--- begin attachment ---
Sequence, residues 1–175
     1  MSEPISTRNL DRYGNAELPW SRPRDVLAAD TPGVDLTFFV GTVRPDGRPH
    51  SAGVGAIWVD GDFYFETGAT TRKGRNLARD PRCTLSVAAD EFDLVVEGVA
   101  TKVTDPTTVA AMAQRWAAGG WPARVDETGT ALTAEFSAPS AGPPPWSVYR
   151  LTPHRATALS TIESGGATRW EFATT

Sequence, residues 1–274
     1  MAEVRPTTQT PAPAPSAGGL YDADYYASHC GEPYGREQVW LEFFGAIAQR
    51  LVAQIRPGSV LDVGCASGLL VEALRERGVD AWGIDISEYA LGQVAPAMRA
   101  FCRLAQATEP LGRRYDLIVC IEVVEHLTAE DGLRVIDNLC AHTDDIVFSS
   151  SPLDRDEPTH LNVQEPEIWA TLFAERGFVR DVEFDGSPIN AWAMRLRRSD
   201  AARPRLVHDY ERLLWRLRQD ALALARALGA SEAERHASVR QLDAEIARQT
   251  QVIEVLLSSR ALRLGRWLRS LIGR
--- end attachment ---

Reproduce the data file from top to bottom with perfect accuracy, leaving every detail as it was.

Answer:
Sequence, residues 1–175
     1  MSEPISTRNL DRYGNAELPW SRPRDVLAAD TPGVDLTFFV GTVRPDGRPH
    51  SAGVGAIWVD GDFYFETGAT TRKGRNLARD PRCTLSVAAD EFDLVVEGVA
   101  TKVTDPTTVA AMAQRWAAGG WPARVDETGT ALTAEFSAPS AGPPPWSVYR
   151  LTPHRATALS TIESGGATRW EFATT

Sequence, residues 1–274
     1  MAEVRPTTQT PAPAPSAGGL YDADYYASHC GEPYGREQVW LEFFGAIAQR
    51  LVAQIRPGSV LDVGCASGLL VEALRERGVD AWGIDISEYA LGQVAPAMRA
   101  FCRLAQATEP LGRRYDLIVC IEVVEHLTAE DGLRVIDNLC AHTDDIVFSS
   151  SPLDRDEPTH LNVQEPEIWA TLFAERGFVR DVEFDGSPIN AWAMRLRRSD
   201  AARPRLVHDY ERLLWRLRQD ALALARALGA SEAERHASVR QLDAEIARQT
   251  QVIEVLLSSR ALRLGRWLRS LIGR